In the media

A struggling business despite promising odds


27 February 2020

The article was first published in Finansavisen.

The sports industry has all the prerequisites for success in Norway, so why is it in crisis, asked PA Norway’s retail and consumer expert Monica Ødegaard in Finansavisen. 

The sports industry in Norway should be well equipped for success. Norwegians buy the most sports equipment per capita in Europe. On average, we spend NOK 2,383 per person per year, according to figures from the Sports Industry association. This is 45 per cent more per year than the Swedes, who are the second highest spenders in Europe. 

Turnover in sports chains has more than doubled over the last 15 years. This reflects Norwegians’ growing purchasing power, but also the way physical activity has become more important in our lives. This, in turn, has created increased interest in equipment-driven sports such as hill climbing, cycling and cross-country skiing. Another recent driver of growth has been an increased focus on fashion in the sports industry.

Sports shops have become all things to all people

This leads to the paradox that although there has been strong growth in the sports industry overall, there has been, and still is, low profitability. PA Consulting has followed the sector for many years and one of its most prominent characteristics is that few companies have dared to take a clear position in the market.

This is especially true of the largest players such as XXL and Gresvig. The chains have not differentiated themselves and their products from each other.  That leaves the customer with the question of what they should be shopping for in these outlets.

Sports shops are trying offer everything to everyone. They sell the cheapest and have the largest and best selection, while at the same time trying to tailor and provide products and services to a wide range of customers. None have dared to choose a targeted market.

We have identified three different ways sports shops could and should have differentiated themselves:

1. To be a leader on price, convenience and simplicity. This means minimising costs and optimising business processes. If you take this approach, you must deliver a product or service to the customer at a competitive price and with minimal inconvenience to them.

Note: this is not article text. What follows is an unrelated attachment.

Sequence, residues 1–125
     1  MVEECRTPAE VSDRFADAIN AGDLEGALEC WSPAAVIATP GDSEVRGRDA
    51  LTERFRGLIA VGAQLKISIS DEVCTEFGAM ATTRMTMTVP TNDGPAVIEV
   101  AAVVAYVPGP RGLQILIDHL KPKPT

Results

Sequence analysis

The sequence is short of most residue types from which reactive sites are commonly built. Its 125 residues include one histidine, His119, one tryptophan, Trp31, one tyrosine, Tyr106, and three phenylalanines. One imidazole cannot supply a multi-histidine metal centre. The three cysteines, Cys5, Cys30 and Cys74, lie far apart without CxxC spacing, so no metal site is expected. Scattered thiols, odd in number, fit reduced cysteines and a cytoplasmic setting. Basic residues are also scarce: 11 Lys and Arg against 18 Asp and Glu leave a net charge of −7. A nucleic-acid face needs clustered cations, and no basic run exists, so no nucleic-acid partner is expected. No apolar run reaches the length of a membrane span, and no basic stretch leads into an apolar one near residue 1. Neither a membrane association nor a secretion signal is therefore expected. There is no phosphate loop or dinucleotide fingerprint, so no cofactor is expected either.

2. To be a leader in products. This means that you always have the latest and greatest products or services. To achieve this, the chains must be set up to be creative, able to innovate quickly and remain at the forefront of developments.

3. To be a leader in customer care and service. This means tailoring and shaping products and services to the customer. In the short term this strategy is expensive but it is about creating and building long term loyalty. You have to think about the lifetime of the customer relationship and not about individual purchases.

These three directions require different business models. Choosing a direction is not the hardest task, what is difficult is to stay focused and drive the strategy throughout the organisation, even when there is pressure in the market and the competitive situation changes.

The industry has been driven by revenue growth at all costs

Unclear concepts and strategies do not improve the bottom line. The industry has been driven by revenue growth at all costs with a major focus on cost reductions, but not on healthy top line growth. When we have an industry that tries to be a bit of everything to everyone, it becomes difficult to secure growth. While the market should be large enough for several large players to succeed,  it is not easy to be optimistic about the prospects in the short term.

After a mild winter, stocks are high. The value of sports equipment in stock was estimated at NOK 6 billion at the beginning of the year, according to the companies' accounts. These products must be moved out, making it buyers’ market. But this will bring a sour aftertaste for the sports chains, driving even lower margins. At the same time, the industry restructuring is in full swing. We still have a sports industry where Norwegians lead the way in both interest in sports and purchasing power. Everything is in place for the retailers that dare to stand out and choose a clear direction to succeed.

Monica Ødegaard is country head and retail & consumer expert in Norway

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